Lessons Learned: Letting the Brain Ease

I’m sure many of you are impatiently waiting for me to post something.  I did mean to yesterday, but after wrestling all evening with the book, I was worn out.  I’m worn out tonight too, for some of the same reasons, but not as badly, so here I am, typing away at something other than the book.

Don’t get me wrong, things are going well on draft 2 of Dark Mirror.  Monday was fantastic, despite being ill most of the day, got 5,424 words in.  But I might have overdone it a little with that much on a weekday.  Yesterday, I had a lot of trouble concentrating and it really was a struggle to get anything done.  The numbers don’t really reflect that, with me adding 3,317 words to the draft, but believe me, it was somewhat painful and I was exhausted and drained when I finally called it a night.  Tonight, the same, tired and feeling like I wanted to take a break from the moment I sat down with the netbook.  After an hour and a half and only getting about 400 words down, I decided to do something I’ve done for a long time, I listened to my body and brain.  I usually do that when it’s sending a clear, strong signal, which it has been doing since yesterday.

You see, the problem is that I had finished the whole God of War series (the three main games at least) and I had previously been using that as a way to give my brain a break between writing spurts through most of NaNo and all of the current writing binge (until a few days ago).  But when I finished it, I didn’t grab any of my other games to take it’s place.  Between that lack of non-writing and non-thinking-about-writing time and the higher bar I set for myself as pace this time, I was focusing entirely on writing, feeling I had to Always Be Writing if I was at home with my netbook.  Too much for my brain, which was on the verge of shorting out I think.  So I popped one of the GoW series back in and let myself go back to alternately bashing the keyboard and bashing pixels.  And it worked.  At this point, I’ve written 2,729 words, and I’ll probably go back and get myself to 3k, if I can keep my brain going that long.  Even if I don’t, that’s not bad for spending almost the first third of my evening struggling and getting nowhere.  So I’m going to let that be a lesson to me.  Take breaks, stop writing for a bit, let the brain think about something else or not think at all, or I’m going to run into problems.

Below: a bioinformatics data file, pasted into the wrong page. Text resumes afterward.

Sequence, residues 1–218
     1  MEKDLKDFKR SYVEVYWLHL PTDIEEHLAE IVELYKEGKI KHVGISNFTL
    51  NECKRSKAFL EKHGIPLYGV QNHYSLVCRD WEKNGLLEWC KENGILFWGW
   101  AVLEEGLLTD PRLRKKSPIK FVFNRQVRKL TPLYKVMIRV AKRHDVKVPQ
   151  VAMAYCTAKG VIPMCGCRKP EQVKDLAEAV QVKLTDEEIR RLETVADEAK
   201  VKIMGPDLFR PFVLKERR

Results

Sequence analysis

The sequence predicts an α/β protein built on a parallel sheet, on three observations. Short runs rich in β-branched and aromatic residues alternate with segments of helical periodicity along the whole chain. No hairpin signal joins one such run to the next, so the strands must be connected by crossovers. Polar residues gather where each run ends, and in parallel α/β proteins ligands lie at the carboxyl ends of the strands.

All this writing brings me to a current total of 28,548 words, which actually puts me about 4.5 days ahead of schedule, and I haven’t even gotten to my vacation yet.  I’m glad I’ve learned this lesson before the vacation though, or I might have either driven myself nuts or derailed myself entirely, either being a bad thing.